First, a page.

How To Run The Thief
The thief class in Basic Dungeons & Dragons is a popular topic of discussion due to its unique mechanics, such as the use of percentile dice and the ability to backstab. But the specifics of these actions are not clearly defined. In order to provide a clearer understanding of these aspects of the thief class, we will need to rewrite some of the underlying system, without making major changes to the rules.
"Surprise" in D&D is a poorly explained mechanic related to stealth. This is evident in the fact that evasion automatically succeeds for a group that is surprised. This suggests that surprise is not necessarily the moment when opponents are caught off guard when you suddenly appear in front of them, but rather the opportunity to surprise them or the ability to leave without being noticed. To clarify this mechanic, we will rename it and adjust it slightly. Instead of rolling to determine if a character or monster is surprised, we will have them roll to determine if they have the opportunity to surprise others.
Encounters, Surprise, Surprise Checks
Each side rolls 1d6 to determine their stealth, lower is better. Most monsters and characters will be surprised by any side that rolls a 2 or lower. Some might be perceptive enough to require a roll of a 1.
If a group surprises another, they may act with a one round advantage (performing an action surprising to their foe, and then entering initiative as normal).
If a group has stealth, they may evade combat automatically.
Now we have revised the mechanic of surprise and renamed it "stealth." We have also kept the aspect of some monsters only being surprised on a roll of 1, as stated in their stat block.
To summarize, if a character's stealth roll is successful, they have stealth and can surprise others. Stealth is a passive ability, while surprising others is an active action that can be taken during a surprise round. Now it is time to rewrite the first part of the thief class.
When attacking a surprised opponent from behind, a thief receives a +4 bonus to hit and doubles any damage dealt.
We have made a small modification by replacing "unaware" with "surprised." With this change, a thief who has stealth can receive a backstab bonus when attacking during their surprise round. It is not necessary for the thief to physically stab the target from behind, as this adds unnecessary complexity to combat with miniatures.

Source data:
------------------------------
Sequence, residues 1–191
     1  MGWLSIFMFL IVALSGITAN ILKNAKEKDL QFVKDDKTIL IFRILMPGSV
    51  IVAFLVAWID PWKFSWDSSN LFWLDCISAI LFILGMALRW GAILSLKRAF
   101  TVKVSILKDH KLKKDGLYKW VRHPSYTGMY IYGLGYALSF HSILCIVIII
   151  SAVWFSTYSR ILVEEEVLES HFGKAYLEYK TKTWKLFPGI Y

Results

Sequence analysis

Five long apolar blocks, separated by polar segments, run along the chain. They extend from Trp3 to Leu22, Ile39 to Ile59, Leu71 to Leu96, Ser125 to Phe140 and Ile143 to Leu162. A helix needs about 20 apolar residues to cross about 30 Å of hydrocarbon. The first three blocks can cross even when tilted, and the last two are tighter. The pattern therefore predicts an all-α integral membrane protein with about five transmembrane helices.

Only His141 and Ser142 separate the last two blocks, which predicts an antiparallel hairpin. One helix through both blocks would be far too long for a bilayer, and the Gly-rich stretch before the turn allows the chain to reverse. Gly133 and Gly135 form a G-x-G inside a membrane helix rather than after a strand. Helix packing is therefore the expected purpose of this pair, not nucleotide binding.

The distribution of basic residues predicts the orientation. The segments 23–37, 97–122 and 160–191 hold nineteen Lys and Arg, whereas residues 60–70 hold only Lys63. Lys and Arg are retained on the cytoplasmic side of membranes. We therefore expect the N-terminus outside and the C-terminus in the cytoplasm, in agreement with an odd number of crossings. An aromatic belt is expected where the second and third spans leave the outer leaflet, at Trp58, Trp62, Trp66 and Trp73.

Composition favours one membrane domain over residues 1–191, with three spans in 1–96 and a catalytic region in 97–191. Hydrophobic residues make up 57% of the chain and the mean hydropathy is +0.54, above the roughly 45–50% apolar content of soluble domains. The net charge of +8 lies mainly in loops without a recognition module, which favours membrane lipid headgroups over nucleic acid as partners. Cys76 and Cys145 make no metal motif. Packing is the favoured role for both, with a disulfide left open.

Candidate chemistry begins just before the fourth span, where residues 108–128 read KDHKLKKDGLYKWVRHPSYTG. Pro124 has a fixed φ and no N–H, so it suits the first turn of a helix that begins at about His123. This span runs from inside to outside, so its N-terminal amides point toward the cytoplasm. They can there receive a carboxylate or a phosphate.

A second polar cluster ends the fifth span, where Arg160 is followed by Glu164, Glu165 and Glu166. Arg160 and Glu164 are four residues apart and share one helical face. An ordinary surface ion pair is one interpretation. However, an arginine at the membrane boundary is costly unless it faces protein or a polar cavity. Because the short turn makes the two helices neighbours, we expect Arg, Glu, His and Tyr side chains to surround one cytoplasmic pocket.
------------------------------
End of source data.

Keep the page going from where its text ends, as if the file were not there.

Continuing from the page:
This change provides clear guidance on when a thief can use the backstab ability: at the start of combat, if they have stealth and decide to surprise the opponent by attacking them after coming out of stealth.
Now that we have clarified the backstab ability, it is time to move on to the other skills of the thief class.
Climb sheer surfaces
While anyone can climb, thieves are able to climb sheer surfaces that would be difficult or impossible for others to traverse.
Find or remove treasure traps
The mechanics of this skill are explained well in Basic D&D. A thief can use it to locate and disarm traps on small objects such as locks. Other characters can assist in the search for traps in a room, but traps on treasure require the precise and steady hand of a thief.
In Basic D&D, there is a mechanic called "Listen at Door" which seems somewhat unusual. If this is treated as a general "listen" skill that all characters have, with humans having a 1-in-6 chance and demihumans having a 2-in-6 chance. The thief's "hear noise" skill can be treasted as an improvement on this, allowing them to start at the same level as demihumans and eventually surpass the listening skills of all other characters.
Hide in shadows
Everyone is able to hide, which is called stealth. It allows you to gain surprise. "Hide in Shadows" is the reason we introduced this mechanic. In general, time either moves in increments of 10 minutes or 1 day (in a dungeon or overworld) and it is not necessary to track the precise positions of characters at these scales. This allows us to have flexibility in positioning our thief.